I intend to have this discussion with Professor Hattie at the Education Council, to ensure all states and territories are united with us in efforts to help the profession to measure and therefore maximise effectiveness to achieve this significant and world leading next step.
It is not, however, an attempt to replicate or replace the appraisal, performance and development processes of employment conditions. It must be about enabling the profession, itself, to be its best, be owned by the profession itself in doing so, and look to ensure that teachers themselves have access to information on how effective they are and how they can increase their impact in the classroom.
Developing a measurement of effectiveness will provide policy makers, school leaders and most importantly teachers with a basis upon which to further improve their own professional development.
I am yet to meet a teacher who isn't driven by the desire to help each of their students to the maximum extent possible. If we can make this work, if we can make that happen - the implementation of that desire happen – more often, then it will be a win for students, who will learn more, teachers, who be more satisfied in their profession, schools, who will be more highly regarded, and ultimately our nation, which will be more prosperous.
In conclusion, I know that you all take seriously your obligation to continually improve your practice. For this you have my admiration and appreciation. You, as individuals, have a critical role to play in being change agents in your schools and your networks. You’re also working together elaborately, to lift the standard, performance and professionalisation of all teachers.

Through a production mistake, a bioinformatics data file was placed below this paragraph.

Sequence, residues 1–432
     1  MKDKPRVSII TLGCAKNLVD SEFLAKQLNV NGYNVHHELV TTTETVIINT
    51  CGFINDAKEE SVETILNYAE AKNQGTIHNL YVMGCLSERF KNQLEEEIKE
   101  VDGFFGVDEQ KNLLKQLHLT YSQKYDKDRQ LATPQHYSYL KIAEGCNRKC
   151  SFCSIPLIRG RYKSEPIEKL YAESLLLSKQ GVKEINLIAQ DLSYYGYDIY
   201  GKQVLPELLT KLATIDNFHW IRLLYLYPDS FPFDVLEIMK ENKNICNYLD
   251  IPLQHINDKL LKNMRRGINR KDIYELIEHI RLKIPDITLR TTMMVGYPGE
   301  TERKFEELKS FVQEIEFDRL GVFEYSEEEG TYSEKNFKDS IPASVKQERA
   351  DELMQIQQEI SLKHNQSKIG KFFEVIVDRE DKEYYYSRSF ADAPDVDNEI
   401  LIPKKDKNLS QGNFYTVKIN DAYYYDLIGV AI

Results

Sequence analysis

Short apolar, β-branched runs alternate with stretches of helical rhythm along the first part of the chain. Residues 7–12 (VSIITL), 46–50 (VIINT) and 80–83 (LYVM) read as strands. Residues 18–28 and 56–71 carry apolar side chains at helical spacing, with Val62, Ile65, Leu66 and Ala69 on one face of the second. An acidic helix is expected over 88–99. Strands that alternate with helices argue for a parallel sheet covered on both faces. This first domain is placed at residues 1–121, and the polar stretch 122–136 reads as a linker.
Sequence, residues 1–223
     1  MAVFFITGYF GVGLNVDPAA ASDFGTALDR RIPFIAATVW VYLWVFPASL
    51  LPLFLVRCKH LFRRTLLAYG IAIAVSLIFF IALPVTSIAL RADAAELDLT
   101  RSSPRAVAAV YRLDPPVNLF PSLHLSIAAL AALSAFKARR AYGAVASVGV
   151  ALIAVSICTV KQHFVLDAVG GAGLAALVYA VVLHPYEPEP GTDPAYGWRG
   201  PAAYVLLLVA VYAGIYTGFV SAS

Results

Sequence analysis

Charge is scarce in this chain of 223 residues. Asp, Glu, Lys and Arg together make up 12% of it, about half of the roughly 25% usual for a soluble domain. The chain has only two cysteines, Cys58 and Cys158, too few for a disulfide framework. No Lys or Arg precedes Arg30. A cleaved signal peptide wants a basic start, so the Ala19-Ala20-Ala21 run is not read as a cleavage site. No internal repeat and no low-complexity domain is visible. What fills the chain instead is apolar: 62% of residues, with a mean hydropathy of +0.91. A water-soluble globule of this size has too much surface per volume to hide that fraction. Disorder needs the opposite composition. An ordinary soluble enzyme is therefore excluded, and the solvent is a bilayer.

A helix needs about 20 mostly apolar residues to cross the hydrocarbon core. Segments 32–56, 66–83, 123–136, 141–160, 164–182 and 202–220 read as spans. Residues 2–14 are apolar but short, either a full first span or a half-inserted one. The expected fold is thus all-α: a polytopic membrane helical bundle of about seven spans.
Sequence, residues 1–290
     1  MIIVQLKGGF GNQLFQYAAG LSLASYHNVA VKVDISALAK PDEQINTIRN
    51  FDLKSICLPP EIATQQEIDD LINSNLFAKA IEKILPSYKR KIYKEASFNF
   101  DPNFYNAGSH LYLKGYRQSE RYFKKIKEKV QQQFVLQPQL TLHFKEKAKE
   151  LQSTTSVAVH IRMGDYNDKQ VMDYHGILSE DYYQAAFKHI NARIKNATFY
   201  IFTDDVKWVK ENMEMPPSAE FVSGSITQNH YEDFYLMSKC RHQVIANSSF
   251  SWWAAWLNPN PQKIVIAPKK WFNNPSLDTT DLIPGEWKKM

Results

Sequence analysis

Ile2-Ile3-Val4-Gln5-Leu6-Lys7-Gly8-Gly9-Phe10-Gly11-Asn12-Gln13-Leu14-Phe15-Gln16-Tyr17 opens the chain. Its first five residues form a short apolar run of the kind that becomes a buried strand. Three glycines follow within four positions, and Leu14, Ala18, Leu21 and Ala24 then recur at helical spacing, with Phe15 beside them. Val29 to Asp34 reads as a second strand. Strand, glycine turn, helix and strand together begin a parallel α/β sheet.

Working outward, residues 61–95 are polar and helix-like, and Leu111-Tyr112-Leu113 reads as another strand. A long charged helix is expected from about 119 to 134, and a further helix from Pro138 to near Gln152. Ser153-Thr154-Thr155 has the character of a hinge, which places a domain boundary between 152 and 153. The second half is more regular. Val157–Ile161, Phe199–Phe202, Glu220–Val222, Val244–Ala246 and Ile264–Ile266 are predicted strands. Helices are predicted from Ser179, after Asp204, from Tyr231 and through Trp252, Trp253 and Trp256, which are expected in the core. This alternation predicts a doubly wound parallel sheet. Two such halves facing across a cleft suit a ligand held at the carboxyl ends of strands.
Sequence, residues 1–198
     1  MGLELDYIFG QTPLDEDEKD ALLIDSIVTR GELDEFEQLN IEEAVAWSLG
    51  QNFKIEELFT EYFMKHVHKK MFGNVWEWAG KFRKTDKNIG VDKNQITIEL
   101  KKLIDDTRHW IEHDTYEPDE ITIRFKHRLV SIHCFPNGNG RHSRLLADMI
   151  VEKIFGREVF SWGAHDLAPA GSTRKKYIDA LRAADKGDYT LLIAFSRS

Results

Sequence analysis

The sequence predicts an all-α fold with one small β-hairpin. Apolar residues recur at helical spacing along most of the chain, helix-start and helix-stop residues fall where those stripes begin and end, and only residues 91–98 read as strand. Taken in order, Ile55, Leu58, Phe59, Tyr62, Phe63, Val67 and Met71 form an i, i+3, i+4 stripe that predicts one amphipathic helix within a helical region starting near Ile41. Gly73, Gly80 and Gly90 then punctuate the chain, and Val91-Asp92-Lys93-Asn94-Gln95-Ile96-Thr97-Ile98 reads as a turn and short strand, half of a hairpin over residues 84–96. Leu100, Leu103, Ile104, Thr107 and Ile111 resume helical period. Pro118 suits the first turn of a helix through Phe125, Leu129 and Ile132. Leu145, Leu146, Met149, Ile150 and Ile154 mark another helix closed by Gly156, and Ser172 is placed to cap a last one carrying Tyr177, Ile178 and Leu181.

The obligation of your employers – state and territory governments and authorities across all school sectors and systems – is to support you to drive improvement across all aspects of teaching. We need to give you clear guidance and support and practical resources, so that, with the help of your effective teaching, we can achieve what is, together, our shared ultimate goal: improving student outcomes.
We need more people like all of you in the Highly Accomplished and Lead Teacher Network. All state and territory and school sectors need to recognise and reward teachers performing at higher levels, through the certification process. And this should happen now.
We also need to listen to you. I invite you to share with me – and encourage you to do likewise with my state and territory counterparts – your considered opinions on how we can strengthen policies to support you to help our children achieve their best.
Whether it is in curriculum content, discipline policies, parental engagement strategies, impactful programs, red tape reduction in schools, disability support, the most effective use of technology, or any number of other areas, we should consider your ideas to ensure best practice teaching is accompanied by best practice policy.
By developing, retaining and rewarding effective teachers, by harnessing your expertise, and using evidence to guide us, I am confident that we can and will lift student outcomes. That confidence is absolutely reassured by seeing the enthusiasm and knowing the commitment of the people in this room today. By hearing from John, as I hinted how hard it is to contain the discussions when they’re there with the likes of all of you together, because of that passion, commitment and skill. So thank you very much for that. Thank you for what you bring. Thank you for the commitment you give, not just to the HALT Network, but importantly across the profession, back in to your communities. And I wish you every success with your discussions today and tomorrow and most importantly well in the future.
Thanks so much.